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Wrought iron

The meaning of «wrought iron»

Wrought iron is an iron alloy with a very low carbon content (less than 0.08%) in contrast to that of cast iron (2.1% to 4%). It is a semi-fused mass of iron with fibrous slag inclusions (up to 2% by weight), which gives it a "grain" resembling wood that is visible when it is etched or bent to the point of failure. Wrought iron is tough, malleable, ductile, corrosion resistant, and easily welded.

Before the development of effective methods of steelmaking and the availability of large quantities of steel, wrought iron was the most common form of malleable iron. It was given the name wrought because it was hammered, rolled or otherwise worked while hot enough to expel molten slag. The modern functional equivalent of wrought iron is mild steel, also called low-carbon steel. Neither wrought iron nor mild steel contain enough carbon to be hardenable by heating and quenching.[1]: 145 

Wrought iron is highly refined, with a small amount of slag forged out into fibres. It consists of around 99.4% iron by mass.[2] The presence of slag is beneficial for blacksmithing operations, and gives the material its unique fibrous structure.[3] The silicate filaments of the slag also protect the iron from corrosion and diminish the effect of fatigue caused by shock and vibration.[4]

Historically, a modest amount of wrought iron was refined into steel, which was used mainly to produce swords, cutlery, chisels, axes and other edged tools as well as springs and files. The demand for wrought iron reached its peak in the 1860s, being in high demand for ironclad warships and railway use. However, as properties such as brittleness of mild steel improved with better ferrous metallurgy and as steel became less costly to make thanks to the Bessemer process and the Siemens-Martin process, the use of wrought iron declined.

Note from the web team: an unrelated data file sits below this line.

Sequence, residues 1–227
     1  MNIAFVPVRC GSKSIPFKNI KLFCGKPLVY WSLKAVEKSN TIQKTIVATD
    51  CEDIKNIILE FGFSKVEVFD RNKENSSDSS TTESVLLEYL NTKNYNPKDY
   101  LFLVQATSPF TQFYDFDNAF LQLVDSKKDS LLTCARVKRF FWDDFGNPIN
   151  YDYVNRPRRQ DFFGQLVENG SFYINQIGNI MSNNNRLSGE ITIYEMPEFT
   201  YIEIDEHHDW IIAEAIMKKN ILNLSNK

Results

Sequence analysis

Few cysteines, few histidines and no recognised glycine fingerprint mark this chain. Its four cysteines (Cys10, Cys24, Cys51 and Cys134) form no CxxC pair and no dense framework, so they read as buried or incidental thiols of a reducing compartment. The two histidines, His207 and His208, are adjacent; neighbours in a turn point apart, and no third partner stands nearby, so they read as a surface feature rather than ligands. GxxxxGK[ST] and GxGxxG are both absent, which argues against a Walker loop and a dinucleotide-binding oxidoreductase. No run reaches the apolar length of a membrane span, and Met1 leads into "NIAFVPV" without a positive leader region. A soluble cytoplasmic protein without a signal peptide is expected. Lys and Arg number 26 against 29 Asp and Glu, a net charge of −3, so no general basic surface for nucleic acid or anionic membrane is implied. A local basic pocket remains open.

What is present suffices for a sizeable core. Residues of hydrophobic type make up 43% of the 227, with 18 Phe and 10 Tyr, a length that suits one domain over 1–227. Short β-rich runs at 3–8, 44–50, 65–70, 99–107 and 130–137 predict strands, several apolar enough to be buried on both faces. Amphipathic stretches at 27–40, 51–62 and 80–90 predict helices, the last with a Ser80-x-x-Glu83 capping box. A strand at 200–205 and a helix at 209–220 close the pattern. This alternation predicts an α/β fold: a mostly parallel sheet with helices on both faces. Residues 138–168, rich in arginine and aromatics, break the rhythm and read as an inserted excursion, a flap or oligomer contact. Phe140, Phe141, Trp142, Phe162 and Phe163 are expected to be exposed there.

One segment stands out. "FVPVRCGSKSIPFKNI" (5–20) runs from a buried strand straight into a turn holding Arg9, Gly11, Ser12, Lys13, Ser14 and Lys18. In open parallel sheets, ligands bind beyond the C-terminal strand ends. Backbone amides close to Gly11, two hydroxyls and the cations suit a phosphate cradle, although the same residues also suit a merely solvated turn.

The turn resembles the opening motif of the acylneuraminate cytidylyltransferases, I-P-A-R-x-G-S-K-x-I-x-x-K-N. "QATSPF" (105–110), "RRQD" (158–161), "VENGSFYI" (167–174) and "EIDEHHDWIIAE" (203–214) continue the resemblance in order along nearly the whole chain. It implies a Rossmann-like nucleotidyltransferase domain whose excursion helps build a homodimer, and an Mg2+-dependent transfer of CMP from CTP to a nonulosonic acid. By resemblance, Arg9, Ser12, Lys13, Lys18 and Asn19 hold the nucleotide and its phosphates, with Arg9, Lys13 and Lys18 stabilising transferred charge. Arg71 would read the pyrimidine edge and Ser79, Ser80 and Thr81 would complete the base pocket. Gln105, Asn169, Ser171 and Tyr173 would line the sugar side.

Many items, before they came to be made of mild steel, were produced from wrought iron, including rivets, nails, wire, chains, rails, railway couplings, water and steam pipes, nuts, bolts, horseshoes, handrails, wagon tires, straps for timber roof trusses, and ornamental ironwork, among many other things.[5][note 1]

Wrought iron is no longer produced on a commercial scale. Many products described as wrought iron, such as guard rails, garden furniture[6] and gates, are actually made of mild steel.[7] They retain that description because they are made to resemble objects which in the past were wrought (worked) by hand by a blacksmith (although many decorative iron objects, including fences and gates, were often cast rather than wrought).[7]

The word "wrought" is an archaic past participle of the verb "to work," and so "wrought iron" literally means "worked iron".[8] Wrought iron is a general term for the commodity, but is also used more specifically for finished iron goods, as manufactured by a blacksmith. It was used in that narrower sense in British Customs records, such manufactured iron was subject to a higher rate of duty than what might be called "unwrought" iron. Cast iron, unlike wrought iron, is brittle and cannot be worked either hot or cold. Cast iron can break if struck with a hammer.

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